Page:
Home / Opinion / Views /  The Indian economy should be prepared for myriad challenges

The world is going through a rather complex and painful phase. While most economies were already suffering from slow growth and high inflation induced by the pandemic, the recent Russia-Ukraine war has aggravated the challenges. Global commodity prices are on a boil even as supply bottlenecks for some critical food items and raw materials are a concern. While growth remains a challenge, major central banks have no choice but to start monetary policy tightening to counter high inflation. The Indian economy, which was just about limping back from the pandemic and other domestic concerns, has also gotten embroiled in this.

Recent challenges have resulted in India’s economic growth projection for 2022-23 being lowered. At a projected gross domestic product (GDP) growth level of over 7% for the year, India is still better placed than many others. This is not to deny challenges emerging from many quarters, which if not tackled appropriately could result in a further slowdown. Most importantly, consumer sentiment and consumption spending that were marred by the pandemic are still weak. Private consumption, with a 55% contribution to GDP, is a big pillar of the economy. Hence, it is very important for it to improve. Consumption GDP has only improved marginally in 2021-22 over 2020-21 (pre-pandemic level), while high-frequency indicators like IIP consumer goods data remain weak. On the investment front, so far the government sector had been holding fort even as the private sector was wary. We can expect a positive shift in this as capacity utilization levels grow. The private intent to invest has risen, as reflected by a jump in the data on new investment announcements tracked by the Centre for Monitoring Indian Economy. However, a meaningful improvement in the private capital expenditure cycle would be contingent on continued improvement in capacity utilization and a stable macro-economic environment.

The employment scenario presents a sharp dichotomy. On one hand, there is a huge demand for value-added jobs in the IT and financial sectors, which are in a struggle for talent. On the other hand, job losses are rising in the lower value-added spectrum as many urban workers have lost their jobs.

Rising inflation due to high global commodity prices is another challenge. While inflation is mainly due to supply-side factors, prices have risen across most categories. This is dampening consumer sentiments and putting pressure on the margins of producers. The rise in Wholesale Price Index-based inflation is sharper than Consumer Price Index inflation, which suggests that retail prices could go higher still.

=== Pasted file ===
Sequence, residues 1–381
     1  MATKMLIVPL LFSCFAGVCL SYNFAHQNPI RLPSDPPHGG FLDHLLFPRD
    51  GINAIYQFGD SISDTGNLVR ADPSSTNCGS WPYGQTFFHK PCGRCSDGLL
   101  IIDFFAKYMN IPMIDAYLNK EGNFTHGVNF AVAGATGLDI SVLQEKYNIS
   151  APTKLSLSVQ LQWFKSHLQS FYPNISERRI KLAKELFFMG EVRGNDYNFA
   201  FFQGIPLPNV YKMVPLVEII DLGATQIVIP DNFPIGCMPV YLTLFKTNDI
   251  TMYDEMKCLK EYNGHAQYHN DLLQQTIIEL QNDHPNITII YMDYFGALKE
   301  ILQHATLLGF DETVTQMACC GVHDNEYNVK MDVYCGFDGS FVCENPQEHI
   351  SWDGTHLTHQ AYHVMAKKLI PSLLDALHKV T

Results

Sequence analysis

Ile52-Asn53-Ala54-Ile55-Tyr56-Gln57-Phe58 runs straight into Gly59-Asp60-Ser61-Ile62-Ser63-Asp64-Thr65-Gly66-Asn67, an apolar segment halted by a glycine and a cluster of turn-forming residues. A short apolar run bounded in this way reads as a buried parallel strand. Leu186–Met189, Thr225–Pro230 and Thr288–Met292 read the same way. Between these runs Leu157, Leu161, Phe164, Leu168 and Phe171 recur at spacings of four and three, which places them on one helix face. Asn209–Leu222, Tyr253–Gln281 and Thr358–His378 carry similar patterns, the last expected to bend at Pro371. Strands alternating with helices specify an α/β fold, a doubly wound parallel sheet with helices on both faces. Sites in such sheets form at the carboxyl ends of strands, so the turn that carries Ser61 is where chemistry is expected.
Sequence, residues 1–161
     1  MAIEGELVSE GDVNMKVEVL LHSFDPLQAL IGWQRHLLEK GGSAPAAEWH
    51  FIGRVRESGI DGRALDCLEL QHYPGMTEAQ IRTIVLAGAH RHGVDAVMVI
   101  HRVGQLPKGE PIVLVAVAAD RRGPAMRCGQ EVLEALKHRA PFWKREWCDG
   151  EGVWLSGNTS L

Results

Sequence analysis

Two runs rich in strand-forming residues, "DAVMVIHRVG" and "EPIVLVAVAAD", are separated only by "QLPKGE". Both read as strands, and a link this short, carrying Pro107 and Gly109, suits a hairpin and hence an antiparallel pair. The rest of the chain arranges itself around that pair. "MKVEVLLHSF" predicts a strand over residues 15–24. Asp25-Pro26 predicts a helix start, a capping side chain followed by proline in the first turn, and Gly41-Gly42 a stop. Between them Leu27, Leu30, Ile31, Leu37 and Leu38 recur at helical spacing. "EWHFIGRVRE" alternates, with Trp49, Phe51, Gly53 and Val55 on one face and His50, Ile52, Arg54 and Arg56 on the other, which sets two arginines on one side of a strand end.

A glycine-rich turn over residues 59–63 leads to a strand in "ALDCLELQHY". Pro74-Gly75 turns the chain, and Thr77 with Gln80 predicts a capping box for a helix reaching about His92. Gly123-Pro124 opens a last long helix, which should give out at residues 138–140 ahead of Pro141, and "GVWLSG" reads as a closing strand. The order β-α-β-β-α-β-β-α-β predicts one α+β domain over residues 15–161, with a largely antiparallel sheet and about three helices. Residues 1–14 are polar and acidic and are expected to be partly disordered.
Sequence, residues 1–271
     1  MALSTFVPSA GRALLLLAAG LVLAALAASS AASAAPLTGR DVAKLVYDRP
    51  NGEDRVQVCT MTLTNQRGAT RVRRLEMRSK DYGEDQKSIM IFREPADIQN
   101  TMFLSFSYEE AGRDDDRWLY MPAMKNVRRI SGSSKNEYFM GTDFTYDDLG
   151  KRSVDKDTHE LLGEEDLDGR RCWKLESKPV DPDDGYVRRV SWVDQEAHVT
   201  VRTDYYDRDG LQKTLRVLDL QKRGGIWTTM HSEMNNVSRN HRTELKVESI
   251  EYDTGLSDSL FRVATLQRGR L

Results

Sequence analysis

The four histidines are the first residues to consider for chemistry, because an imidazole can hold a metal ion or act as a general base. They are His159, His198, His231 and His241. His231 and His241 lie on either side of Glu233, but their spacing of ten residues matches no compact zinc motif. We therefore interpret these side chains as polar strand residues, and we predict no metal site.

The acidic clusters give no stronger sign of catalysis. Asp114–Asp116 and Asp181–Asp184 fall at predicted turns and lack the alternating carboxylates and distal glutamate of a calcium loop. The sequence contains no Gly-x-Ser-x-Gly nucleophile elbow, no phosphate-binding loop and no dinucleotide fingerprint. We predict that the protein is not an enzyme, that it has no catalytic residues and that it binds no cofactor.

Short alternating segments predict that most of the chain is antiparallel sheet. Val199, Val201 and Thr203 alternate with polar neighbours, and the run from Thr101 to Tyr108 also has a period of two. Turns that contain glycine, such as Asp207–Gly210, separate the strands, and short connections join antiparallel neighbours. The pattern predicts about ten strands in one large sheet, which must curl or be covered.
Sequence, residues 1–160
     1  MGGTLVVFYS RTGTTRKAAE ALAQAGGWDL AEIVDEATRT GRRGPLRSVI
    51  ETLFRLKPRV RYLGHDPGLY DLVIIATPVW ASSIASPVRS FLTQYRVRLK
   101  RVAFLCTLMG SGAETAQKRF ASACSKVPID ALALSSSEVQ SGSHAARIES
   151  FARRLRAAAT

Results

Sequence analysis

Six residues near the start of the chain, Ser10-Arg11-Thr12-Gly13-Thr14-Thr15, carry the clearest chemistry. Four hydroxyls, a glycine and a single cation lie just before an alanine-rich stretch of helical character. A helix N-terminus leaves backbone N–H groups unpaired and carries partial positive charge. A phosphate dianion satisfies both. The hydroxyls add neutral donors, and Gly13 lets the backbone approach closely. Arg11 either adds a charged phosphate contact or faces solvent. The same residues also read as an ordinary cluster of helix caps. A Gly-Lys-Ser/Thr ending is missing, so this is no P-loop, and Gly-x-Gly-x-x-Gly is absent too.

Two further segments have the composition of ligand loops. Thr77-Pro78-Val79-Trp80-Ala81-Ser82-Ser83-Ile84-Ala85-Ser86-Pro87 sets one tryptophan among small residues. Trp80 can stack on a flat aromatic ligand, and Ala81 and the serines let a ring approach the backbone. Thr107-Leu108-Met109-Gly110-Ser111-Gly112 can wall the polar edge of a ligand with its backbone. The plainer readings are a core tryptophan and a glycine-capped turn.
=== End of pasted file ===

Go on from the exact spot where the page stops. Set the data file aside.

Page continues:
Challenges on the global front have also created vulnerabilities for India’s external sector. As exports feel the sting of slowing global growth and import bills are driven up by high commodity prices, India’s current account deficit is expected to widen in 2022-23. Unfortunately, the economy is also witnessing foreign portfolio investment outflows as the US Federal Reserve prepares for further rate hikes. Even while foreign direct investment flows remain healthy, India’s Balance of Payments will feel the pinch. This has already resulted in foreign exchange reserves falling and the rupee weakening. A weaker rupee can worsen imported inflation.

In a nutshell, there are challenges galore at this point for the Indian economy. However, the country is still better placed than many other economies in this period of global turbulence. While inflation is rising in India, the rise is still not as sharp as that in many major economies. Abundant liquidity has still not resulted in patches of the economy heating up. For instance, in economies such as the US, UK and Australia, the real estate market has got heated up. There has been a sharp spike in property prices due to abundant liquidity, requiring the urgent attention of policymakers. With that not being the case in India, the Reserve Bank of India has the comfort of going slow in its withdrawal of monetary accommodation. However, with inflationary pressure so persistent, it needs to start hiking policy interest rates now and reduce liquidity in the system to make rate hikes more effective. As inflation is mainly because of supply-side factors, monetary policy action will have its limitations. But at this juncture, it is important to anchor inflationary expectations to prevent a wage-price spiral.

As far as fiscal stimulus is concerned, limitations exist, as upward pressure is exerted on India’s fiscal deficit by a burgeoning subsidy bill. The government will be wary of any further stimulus immediately as the current challenges may turn out to be a long-drawn affair. In this situation, the government will have to keep some ammunition ready for use. However, it should consider a cut in fuel taxes, as high fuel inflation has major second-round effects and can heavily impact household inflationary expectations. The comforting factor on the fiscal front is that tax revenue collections have lately been robust, which gives India’s government a cushion to go ahead with its capital expenditure plans. This is much required at this point, as private players may still be indecisive on their capital expenditure plans on account of economic uncertainties. It will also lay the ground for long-term sustainability of the country’s economic growth story as the current headwinds subside.

Rajani Sinha is chief economist, CareEdge, CARE Ratings Ltd.

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